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Iran Protesters Clash With Volunteer Militias As Unrest Deepens

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A member of Iran’s volunteer militia was killed during protests in a northeastern city on Wednesday, the state-run Islamic Republic News Agency reported, as unrest over Islamic laws spread across the country.  

At least seven people have died since demonstrations started last Friday following the death of 22-year-old Mahsa Amini, a young woman who fell into a coma after Tehran’s so-called “morality police” arrested her for allegedly flouting Islamic dress codes.  

The militia, known as the Basij, had “spontaneously” gathered to confront “riots” on Wednesday night, when one of them was attacked with a knife in the city of Mashhad, according to IRNA. Iran’s state media often refer to protesters as illegal seditionists or rioters.

Protests have been reported in scores of towns and cities including the capital Tehran as well as Karaj, Shiraz, Tabriz, Kerman, Kish Island, Yazd, Neyshapur, Esfahan and Mashhad. It’s the most widespread unrest in Iran since November 2019 when authorities shut down the Internet and, rights groups say, killed hundreds of people. 

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The “morality police” units have long been highly unpopular, but the protests are the first major rebuke of their actions. However that doesn’t mean the establishment is about to be swept aside, with security forces retaining a strong grip on the country as they seek to protect the clerical establishment.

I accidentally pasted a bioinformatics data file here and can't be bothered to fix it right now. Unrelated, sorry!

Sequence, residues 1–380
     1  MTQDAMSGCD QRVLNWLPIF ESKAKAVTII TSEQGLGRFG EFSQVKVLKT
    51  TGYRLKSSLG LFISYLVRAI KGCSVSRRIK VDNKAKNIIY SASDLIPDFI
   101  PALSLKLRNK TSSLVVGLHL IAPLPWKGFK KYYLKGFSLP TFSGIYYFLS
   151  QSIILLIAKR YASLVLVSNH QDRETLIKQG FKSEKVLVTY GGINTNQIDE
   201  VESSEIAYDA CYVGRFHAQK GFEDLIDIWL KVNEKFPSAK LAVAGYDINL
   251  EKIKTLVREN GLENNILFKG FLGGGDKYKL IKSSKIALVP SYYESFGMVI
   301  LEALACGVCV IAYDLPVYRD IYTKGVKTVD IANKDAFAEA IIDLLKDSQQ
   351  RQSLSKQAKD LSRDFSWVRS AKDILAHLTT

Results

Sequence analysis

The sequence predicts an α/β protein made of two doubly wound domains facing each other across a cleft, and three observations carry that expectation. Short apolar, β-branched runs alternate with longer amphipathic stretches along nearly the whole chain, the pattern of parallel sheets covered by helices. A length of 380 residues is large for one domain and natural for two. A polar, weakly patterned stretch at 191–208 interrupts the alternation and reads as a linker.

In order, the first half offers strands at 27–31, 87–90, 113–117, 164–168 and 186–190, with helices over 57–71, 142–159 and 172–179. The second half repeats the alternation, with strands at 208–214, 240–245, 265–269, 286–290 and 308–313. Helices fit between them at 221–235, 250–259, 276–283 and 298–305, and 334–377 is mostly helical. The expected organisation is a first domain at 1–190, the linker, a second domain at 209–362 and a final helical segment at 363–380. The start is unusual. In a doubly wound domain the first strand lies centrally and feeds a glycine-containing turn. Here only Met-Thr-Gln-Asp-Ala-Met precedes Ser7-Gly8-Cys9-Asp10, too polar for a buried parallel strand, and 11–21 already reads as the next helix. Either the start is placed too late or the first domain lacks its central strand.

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Why a Woman’s Death in Iran Has Ignited New Protests: QuickTake

Footage of the protests posted to social media over the past few days has shown unarmed demonstrators turning on uniformed police and anti-riot officers wielding tasers or handguns as well as members of the plain-clothed Basij, who are also known to carry weapons. None of the videos can be verified by Bloomberg.

The militias, which are under the command of the Islamic Revolutionary Guard Corps, are deployed in order to infiltrate public gatherings and violently disperse protests. They are known to video tape and photograph protesters and passersby in order to later target them for harassment and arrest.  

Internet disruptions were widely reported in Iran last night with mobile internet access down in Tehran and slow speeds reported on broadband connections. Internet watchdog Netblocks said on Wednesday that access to Instagram, a hugely popular platform in Iran, has also been restricted. 

Iran’s President Ebrahim Raisi is currently attending the United Nations General Assembly in New York where his trip has been overshadowed by the violence at home.   

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